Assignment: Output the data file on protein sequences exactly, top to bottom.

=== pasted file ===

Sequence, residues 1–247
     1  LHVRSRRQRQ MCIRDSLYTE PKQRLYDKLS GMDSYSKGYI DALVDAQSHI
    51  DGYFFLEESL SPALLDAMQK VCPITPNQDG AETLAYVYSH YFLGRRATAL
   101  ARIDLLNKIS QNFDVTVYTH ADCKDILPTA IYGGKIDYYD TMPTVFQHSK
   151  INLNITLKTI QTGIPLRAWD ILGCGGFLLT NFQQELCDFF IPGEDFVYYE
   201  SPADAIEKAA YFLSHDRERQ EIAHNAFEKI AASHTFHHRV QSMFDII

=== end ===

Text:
Sequence, residues 1–247
     1  LHVRSRRQRQ MCIRDSLYTE PKQRLYDKLS GMDSYSKGYI DALVDAQSHI
    51  DGYFFLEESL SPALLDAMQK VCPITPNQDG AETLAYVYSH YFLGRRATAL
   101  ARIDLLNKIS QNFDVTVYTH ADCKDILPTA IYGGKIDYYD TMPTVFQHSK
   151  INLNITLKTI QTGIPLRAWD ILGCGGFLLT NFQQELCDFF IPGEDFVYYE
   201  SPADAIEKAA YFLSHDRERQ EIAHNAFEKI AASHTFHHRV QSMFDII